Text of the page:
The affair being so satisfactorily concluded, Hester Prynne,
with Pearl, departed from the house. As they descended the
steps, it is averred that the lattice of a chamber-window was
thrown open, and forth into the sunny day was thrust the face of
Mistress Hibbins, Governor Bellingham's bitter-tempered sister,
and the same who, a few years later, was executed as a witch.
"Hist, hist!" said she, while her ill-omened physiognomy seemed
to cast a shadow over the cheerful newness of the house. "Wilt
thou go with us to-night? There will be a merry company in the
forest; and I well-nigh promised the Black Man that comely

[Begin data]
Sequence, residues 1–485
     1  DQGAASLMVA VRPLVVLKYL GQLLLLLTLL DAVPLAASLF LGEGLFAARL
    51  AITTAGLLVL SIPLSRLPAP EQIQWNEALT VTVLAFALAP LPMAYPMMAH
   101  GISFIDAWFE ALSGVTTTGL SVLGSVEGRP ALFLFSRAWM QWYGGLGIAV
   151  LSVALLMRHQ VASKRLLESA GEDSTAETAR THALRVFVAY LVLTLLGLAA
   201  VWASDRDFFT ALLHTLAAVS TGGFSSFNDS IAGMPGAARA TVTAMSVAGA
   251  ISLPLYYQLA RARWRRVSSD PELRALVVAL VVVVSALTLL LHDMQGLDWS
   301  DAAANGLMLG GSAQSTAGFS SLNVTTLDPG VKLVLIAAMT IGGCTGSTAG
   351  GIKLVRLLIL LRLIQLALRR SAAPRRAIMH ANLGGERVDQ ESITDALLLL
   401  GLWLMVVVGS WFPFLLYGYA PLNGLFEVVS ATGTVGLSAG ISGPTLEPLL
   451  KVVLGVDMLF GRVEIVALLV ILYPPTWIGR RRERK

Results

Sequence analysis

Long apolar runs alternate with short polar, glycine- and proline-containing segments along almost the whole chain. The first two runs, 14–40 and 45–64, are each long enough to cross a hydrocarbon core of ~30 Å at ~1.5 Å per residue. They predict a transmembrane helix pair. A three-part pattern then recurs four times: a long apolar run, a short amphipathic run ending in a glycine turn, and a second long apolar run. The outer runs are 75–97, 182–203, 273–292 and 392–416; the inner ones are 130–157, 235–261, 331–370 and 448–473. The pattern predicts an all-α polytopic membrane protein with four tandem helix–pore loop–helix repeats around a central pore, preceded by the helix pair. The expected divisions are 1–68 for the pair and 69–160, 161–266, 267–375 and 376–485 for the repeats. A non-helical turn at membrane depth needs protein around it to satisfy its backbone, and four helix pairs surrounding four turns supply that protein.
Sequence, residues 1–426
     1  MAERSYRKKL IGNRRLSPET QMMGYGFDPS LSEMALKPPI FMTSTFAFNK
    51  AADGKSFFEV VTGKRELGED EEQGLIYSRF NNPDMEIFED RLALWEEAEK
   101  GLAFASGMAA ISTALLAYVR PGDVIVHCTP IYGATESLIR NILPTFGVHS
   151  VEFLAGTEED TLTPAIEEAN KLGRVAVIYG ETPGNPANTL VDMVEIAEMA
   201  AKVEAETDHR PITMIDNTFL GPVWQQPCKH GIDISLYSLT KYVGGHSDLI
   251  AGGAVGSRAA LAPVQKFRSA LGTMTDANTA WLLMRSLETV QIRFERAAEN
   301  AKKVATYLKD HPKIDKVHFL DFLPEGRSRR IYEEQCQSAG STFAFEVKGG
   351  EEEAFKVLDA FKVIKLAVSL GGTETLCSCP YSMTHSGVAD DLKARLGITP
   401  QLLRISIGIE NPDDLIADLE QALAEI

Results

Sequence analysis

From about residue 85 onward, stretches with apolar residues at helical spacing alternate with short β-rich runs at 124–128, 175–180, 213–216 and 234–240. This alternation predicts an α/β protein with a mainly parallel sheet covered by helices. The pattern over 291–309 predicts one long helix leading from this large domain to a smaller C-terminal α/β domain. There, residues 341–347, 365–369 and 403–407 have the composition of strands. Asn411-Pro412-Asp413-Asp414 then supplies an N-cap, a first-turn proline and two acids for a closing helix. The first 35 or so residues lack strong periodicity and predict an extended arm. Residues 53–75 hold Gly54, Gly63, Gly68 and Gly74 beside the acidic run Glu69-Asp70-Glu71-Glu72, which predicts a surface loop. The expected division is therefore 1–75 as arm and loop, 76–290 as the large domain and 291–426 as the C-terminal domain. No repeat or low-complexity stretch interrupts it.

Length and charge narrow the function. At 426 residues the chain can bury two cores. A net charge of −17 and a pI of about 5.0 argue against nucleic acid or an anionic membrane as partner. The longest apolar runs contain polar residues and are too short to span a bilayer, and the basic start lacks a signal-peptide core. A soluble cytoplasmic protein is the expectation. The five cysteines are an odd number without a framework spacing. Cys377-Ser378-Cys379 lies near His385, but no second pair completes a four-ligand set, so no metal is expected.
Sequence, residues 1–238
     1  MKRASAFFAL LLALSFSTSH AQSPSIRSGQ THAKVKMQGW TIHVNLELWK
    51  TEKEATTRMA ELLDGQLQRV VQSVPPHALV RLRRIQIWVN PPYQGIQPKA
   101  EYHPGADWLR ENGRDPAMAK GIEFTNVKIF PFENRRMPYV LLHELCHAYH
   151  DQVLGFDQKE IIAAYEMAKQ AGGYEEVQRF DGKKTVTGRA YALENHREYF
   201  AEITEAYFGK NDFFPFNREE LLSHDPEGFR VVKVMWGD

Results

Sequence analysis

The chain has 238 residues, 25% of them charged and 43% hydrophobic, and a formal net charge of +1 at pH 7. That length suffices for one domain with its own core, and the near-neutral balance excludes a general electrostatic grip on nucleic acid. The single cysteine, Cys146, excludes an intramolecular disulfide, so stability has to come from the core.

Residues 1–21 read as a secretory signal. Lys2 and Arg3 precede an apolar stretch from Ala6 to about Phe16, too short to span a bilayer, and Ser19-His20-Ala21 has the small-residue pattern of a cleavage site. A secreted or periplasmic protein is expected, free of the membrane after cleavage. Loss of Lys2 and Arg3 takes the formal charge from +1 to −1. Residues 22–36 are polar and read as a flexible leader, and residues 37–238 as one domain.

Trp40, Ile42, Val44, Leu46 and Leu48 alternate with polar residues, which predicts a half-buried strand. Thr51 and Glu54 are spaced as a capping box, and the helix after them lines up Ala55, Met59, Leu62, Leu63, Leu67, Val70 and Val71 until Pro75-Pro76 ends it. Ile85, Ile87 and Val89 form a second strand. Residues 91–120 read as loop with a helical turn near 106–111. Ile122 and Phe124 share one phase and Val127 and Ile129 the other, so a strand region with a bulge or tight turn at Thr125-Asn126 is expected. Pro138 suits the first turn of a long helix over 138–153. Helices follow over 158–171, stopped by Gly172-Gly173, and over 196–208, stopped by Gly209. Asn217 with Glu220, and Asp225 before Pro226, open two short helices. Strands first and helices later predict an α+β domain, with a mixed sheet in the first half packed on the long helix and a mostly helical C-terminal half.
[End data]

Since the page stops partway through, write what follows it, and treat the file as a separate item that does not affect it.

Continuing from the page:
Hester Prynne should make one."
"Make my excuse to him, so please you!" answered Hester, with a
triumphant smile. "I must tarry at home, and keep watch over my
little Pearl. Had they taken her from me, I would willingly have
gone with thee into the forest, and signed my name in the Black
Man's book too, and that with mine own blood!"
"We shall have thee there anon!" said the witch-lady, frowning,
as she drew back her head.